Bit by bit, the game coalesced. Sound effects for the taps, Scott Joplin piano, collision detection so that the ravioli actually hit the monuments, and particle effects so that bits of meat could be seen. But something didn’t quite feel right. See, a game can be fun, but to actually become sticky, there’s so much more required. I could code and code and code, but the mechanics of ramping up difficulty, scoring, and the like escaped me. Here’s a video of the downtown night level in its roughest form.
Late 2014. My day job was demanding, I had made it to the final rounds of interviews for a new one in St. Louis, and I had two full apps to wrap for my clients before the end of the year. Takeout became takeout from the Chinese restaurant on the first floor of our building, which then became nightly delivery of dinner. Late nights, stronger coffee in the morning, and the game code wasn’t opened.
I took conference calls on the way to ultrasound appointments, feverishly met with friends, pinballing through the city’s restaurants and bars, leaving mid-sentence. Office, agency, coffee shop, hotel lobby, bar. Five projects in a day. Weak knees every night, which is how it should be when you’re saying goodbye to all that madness.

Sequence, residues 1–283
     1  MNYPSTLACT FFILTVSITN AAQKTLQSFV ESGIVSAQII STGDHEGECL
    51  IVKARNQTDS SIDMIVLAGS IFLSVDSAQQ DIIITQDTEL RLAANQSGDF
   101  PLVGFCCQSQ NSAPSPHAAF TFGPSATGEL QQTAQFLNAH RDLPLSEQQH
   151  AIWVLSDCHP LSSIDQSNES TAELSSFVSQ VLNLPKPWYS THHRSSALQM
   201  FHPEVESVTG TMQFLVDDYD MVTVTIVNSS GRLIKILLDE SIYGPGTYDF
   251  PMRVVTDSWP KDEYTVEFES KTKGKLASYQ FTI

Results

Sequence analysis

Summer 2015. A baby named after both a programming concept and fashion statement. A warm, bright house in the St. Louis suburbs, discussions about lawncare and nap schedules over my fence, building apps at another large company, loving the breezy work and picking up the occasional side project. Toasty Ravioli, as tantalizing as it was, wasn’t needed. Who needs advertising for more work when you’re at your max capacity, nights are for mellowing out and weekends are for family? I’d eat the loss. Toastyravioli.com expired.
Summer 2016. Nobody makes money on games. The average person downloads zero apps per month. I gradually raised my hourly rates on side projects until people stopped asking, because it wasn’t worth what I’d been charging. Tripling worked. Gingerly went through a few chatbot tutorials, with promising results. I was in Billy Graham Auditorium at WWDC when Apple hyped sticker apps. Old guard devs sighed.
Here’s how sticker packs work: you download them like apps from the App Store, but they’re only accessible from your keyboard. Send them like emoji in a text, or peel them and drop them on top of messages and pictures in your current thread. Here’s how you build a sticker app: drag pictures into a project and send it to Apple. That’s it.
September 2016. People released sticker apps. People profited off sticker apps. Well, I’ve released iPhone, iPad, Apple Watch, and Apple TV (Mars Weather!) apps, so why not release one? I’m sure I could think of artwork. Ah yes — Toasty Ravioli!
Here’s how the graphics look on the device.
So, don’t expect a game anytime soon. Ok, ever. Business apps and bots now. But if you are interested in dropping some St. Louis flavor on your friends for a very reasonable price, you can download Toasty Ravioli in the App Store now and check out Dan’s work.